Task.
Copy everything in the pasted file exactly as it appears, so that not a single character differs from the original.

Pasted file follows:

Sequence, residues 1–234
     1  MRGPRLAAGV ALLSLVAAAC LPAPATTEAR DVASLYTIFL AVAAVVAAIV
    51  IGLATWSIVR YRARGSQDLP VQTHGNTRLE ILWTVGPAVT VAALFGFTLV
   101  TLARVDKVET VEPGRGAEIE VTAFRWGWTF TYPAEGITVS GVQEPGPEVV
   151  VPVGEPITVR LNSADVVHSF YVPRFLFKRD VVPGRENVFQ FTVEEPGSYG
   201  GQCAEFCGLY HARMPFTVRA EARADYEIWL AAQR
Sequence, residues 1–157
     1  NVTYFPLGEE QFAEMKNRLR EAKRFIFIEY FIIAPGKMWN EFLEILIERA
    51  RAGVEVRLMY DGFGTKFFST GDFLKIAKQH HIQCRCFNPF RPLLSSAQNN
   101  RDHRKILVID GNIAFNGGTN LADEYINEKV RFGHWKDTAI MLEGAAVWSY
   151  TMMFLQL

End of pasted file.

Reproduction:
Sequence, residues 1–234
     1  MRGPRLAAGV ALLSLVAAAC LPAPATTEAR DVASLYTIFL AVAAVVAAIV
    51  IGLATWSIVR YRARGSQDLP VQTHGNTRLE ILWTVGPAVT VAALFGFTLV
   101  TLARVDKVET VEPGRGAEIE VTAFRWGWTF TYPAEGITVS GVQEPGPEVV
   151  VPVGEPITVR LNSADVVHSF YVPRFLFKRD VVPGRENVFQ FTVEEPGSYG
   201  GQCAEFCGLY HARMPFTVRA EARADYEIWL AAQR
Sequence, residues 1–157
     1  NVTYFPLGEE QFAEMKNRLR EAKRFIFIEY FIIAPGKMWN EFLEILIERA
    51  RAGVEVRLMY DGFGTKFFST GDFLKIAKQH HIQCRCFNPF RPLLSSAQNN
   101  RDHRKILVID GNIAFNGGTN LADEYINEKV RFGHWKDTAI MLEGAAVWSY
   151  TMMFLQL